For almost two months after October’s firestorm wiped out her home and all physical trace of her life before that night, Helena Donzelli was unable to sift through the ash to see if anything might remain.
“I would drive by and just put my hand on the window of the car, tear up and say prayers. I couldn’t handle it. I just wanted to feel normal, and go through my normal routines,” said the artist, who for the past seven years had lived in a century-old home off Warm Springs Road in Glen Ellen. a charming place with an old claw foot tub and original wavy glass panes in the windows.
But then in early December she had occasion to visit the site with an inspector and her vision cleared. Suddenly, it was no longer just a mound of detritus. Certain objects started catching her eye from amid the ruins. There was the front plate of her Cuisinart, a pile of wrenches from her workshop, the top of her iron, the head of her hammer. Fragments of things that used to be part of her everyday life.
Miraculously she spotted a metal sculpture that she thought of as her personal logo — a heart with two angel wings extending out on either side. It had occupied a special place above her bed. It was perfectly intact in the ash.
Donzelli said she was overcome with a sense of wonder.
“I saw art,” she said. “Some things were twisted or mangled. But I just have so much respect for the things that survived the wickedness of that heat.”
She was inspired to gather up the fragments and create a piece of collage art embedding the random totems of her pre-fire life.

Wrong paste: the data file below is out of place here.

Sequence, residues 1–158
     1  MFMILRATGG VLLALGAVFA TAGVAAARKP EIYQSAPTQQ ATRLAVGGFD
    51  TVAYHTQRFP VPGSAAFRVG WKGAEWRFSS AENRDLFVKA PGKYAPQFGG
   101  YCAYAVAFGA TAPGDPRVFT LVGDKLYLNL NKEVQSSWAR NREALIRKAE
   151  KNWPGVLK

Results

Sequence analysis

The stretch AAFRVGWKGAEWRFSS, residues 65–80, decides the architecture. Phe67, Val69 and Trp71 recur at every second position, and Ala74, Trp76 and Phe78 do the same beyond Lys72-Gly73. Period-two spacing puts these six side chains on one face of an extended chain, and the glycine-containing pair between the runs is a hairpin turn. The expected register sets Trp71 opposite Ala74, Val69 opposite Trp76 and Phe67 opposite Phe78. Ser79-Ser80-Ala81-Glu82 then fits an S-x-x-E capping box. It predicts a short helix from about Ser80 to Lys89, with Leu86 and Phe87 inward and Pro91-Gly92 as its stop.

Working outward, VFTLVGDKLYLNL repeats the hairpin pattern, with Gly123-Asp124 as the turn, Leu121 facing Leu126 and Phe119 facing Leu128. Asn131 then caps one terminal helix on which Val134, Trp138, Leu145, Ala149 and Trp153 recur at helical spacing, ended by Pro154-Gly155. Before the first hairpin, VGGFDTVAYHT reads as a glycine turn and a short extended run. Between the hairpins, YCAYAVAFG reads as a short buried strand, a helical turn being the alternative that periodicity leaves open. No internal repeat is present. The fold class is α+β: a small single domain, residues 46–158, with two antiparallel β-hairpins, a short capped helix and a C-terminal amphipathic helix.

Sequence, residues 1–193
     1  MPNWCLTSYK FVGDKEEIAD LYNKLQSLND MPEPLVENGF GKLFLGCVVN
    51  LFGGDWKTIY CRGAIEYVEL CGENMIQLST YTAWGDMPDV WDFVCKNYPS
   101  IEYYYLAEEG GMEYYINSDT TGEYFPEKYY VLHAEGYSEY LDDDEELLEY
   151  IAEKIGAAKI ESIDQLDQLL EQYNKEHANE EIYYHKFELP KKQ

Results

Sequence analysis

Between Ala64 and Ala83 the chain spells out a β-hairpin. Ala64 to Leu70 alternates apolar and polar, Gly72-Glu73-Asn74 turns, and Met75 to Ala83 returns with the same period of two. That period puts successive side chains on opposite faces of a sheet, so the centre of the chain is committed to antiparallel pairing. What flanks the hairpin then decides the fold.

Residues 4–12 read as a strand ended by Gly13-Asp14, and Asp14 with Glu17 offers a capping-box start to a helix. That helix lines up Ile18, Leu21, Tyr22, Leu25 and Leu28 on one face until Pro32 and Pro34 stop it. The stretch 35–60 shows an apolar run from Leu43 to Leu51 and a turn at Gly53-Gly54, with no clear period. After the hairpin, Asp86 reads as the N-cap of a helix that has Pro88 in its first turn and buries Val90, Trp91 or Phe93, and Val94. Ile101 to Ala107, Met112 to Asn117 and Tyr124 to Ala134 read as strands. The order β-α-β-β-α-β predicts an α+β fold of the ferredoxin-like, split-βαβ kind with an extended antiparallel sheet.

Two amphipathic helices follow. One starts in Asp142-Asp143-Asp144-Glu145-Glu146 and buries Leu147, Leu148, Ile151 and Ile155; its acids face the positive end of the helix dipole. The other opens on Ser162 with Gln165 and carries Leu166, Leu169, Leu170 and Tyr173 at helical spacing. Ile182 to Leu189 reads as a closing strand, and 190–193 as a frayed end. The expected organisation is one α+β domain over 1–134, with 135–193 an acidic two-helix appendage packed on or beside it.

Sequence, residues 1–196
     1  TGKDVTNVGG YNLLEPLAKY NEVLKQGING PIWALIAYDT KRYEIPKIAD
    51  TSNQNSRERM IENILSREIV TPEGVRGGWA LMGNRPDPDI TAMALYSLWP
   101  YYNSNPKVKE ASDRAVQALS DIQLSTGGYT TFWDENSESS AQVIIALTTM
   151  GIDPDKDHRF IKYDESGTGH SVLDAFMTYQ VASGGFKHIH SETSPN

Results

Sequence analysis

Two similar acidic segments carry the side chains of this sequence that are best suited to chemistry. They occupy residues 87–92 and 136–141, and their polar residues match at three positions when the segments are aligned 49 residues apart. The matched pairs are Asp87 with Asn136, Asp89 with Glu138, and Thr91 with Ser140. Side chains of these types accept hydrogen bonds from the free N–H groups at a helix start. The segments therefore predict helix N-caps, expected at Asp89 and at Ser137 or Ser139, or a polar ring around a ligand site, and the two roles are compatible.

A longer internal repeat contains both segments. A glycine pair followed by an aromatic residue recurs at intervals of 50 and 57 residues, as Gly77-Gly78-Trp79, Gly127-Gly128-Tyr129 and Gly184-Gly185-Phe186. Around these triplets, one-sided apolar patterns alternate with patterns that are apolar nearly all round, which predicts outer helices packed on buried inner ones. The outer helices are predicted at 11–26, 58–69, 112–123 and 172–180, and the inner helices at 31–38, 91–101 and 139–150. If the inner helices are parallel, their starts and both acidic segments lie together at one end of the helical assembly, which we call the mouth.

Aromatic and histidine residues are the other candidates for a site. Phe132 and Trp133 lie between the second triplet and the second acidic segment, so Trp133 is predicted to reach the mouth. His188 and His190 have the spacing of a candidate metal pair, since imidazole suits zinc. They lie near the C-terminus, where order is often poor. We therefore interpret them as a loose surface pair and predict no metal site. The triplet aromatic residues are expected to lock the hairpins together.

“These were things I loved and treasured and were a part of my life. I wanted to honor that. I wanted a reminder. When you walk away from everything in your pajamas you have nothing to look at but your memories,” she said.
She posted a picture of it on Facebook, and within 24 hours had heard from 15 fire victims asking her to make a piece of art for them, using the few scattered objects of their own that had been salvaged from the fire.
Time to rethink ‘stuff’
The flames of October have left thousands of people like Donzelli, re-evaluating their relationship with possessions, whether they were burned out of their home or not. They are pondering questions like, “What is most important to me?” and “What do I really need to live and be happy?” Even those who didn’t lose homes but warily watched the flames threaten their neighborhood during that crucial month, or who drove around with their valuables in their car after evacuating, are casting a critical eye on their stuff, knowing that in a matter of a few moments, it could be gone.
People are reacting in different ways, from trying desperately to recreate what was lost, to taking the opportunity to start over with a clean slate, or furiously purging all the extraneous stuff cramming their closets and cupboards, and creaming off only what they need or truly love.
Donzelli said the fire made her value things in a different way. Before the fire, she was a perfectionist when it came to her Christmas tree. Her ornaments were chosen for their appearance. But this year, every object hanging from the branches of her tree was given to her and it has changed how she views holiday decorating.